Open fire, fireplace and ‘Dornse’ (heated room)

Heating in the Middle Ages

The early medieval farmhouses and city dwellings were heated with an open hearth surrounded by stones. This was also used for cooking. The smoke simply evaporated through gaps or open patches in the ceiling. Later on funnel-shaped flues over the fireplace directed the smoke outside through a hole in the roof.

Fireplaces and insulation offer more comfort

Heating by open fire posed a huge fire hazard for the houses built out of straw and wood. With the increase in housing density Braunschweig repeatedly suffered large city fires.

From about the 13th century onwards the stone bowers were heated with open fireplaces. These were mainly situated in a corner on the upper floor and connected to flues throughout all storeys. That system also heated the other rooms in the house and the smoke was guided directly to the outside.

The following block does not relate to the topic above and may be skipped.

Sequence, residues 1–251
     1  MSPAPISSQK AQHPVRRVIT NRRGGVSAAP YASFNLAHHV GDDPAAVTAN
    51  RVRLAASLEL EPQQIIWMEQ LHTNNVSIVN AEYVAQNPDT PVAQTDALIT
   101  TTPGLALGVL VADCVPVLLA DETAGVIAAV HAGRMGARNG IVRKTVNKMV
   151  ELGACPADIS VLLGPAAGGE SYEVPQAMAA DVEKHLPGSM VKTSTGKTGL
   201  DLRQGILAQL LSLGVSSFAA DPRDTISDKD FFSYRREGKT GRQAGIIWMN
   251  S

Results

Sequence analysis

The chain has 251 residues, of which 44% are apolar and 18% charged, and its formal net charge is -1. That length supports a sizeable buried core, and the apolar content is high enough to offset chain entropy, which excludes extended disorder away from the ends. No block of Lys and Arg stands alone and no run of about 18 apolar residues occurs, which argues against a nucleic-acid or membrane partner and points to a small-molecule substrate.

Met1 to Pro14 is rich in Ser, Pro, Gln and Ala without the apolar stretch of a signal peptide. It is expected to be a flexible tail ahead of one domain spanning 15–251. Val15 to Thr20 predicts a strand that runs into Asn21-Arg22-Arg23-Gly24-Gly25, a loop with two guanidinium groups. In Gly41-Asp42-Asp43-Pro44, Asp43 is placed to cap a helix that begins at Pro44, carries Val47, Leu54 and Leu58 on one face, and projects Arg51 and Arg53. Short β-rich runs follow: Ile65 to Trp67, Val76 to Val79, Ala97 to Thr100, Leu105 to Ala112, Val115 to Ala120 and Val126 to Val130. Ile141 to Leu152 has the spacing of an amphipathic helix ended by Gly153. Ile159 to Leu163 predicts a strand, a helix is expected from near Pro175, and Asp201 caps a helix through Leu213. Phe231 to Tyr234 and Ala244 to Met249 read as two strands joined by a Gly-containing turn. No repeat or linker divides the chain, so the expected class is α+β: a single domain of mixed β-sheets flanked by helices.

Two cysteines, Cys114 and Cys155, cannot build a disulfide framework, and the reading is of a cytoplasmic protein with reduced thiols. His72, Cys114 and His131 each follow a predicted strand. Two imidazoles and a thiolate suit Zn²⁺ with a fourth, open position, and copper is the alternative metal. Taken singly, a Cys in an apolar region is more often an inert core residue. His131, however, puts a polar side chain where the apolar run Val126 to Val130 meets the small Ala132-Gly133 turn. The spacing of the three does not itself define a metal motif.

Some old bowers even had floor insulation. A row of clay pots standing upside down underneath the floor collected moisture and hence insulated against the cold.

A tiled stove makes the living area smoke-free

Tiled stoves were invented during the Middle Ages. They had the advantage of being able to heat the house smoke-free. The oven stood along a wall and was fuelled from an opening into the adjacent room which was mostly the kitchen. The bricks and tiles that were used stored the heat and then gave off that heat. As there were no more open fires the fire risk dropped considerably. This solution also had another advantage: you could bake with this. Such rooms heated by tiled stoves were to be found in all well-equipped middle-class houses. They were called ‘Stube’ (after extufa-oven) or ‘Dornse’ (after domica-heated room).

Explanations and hints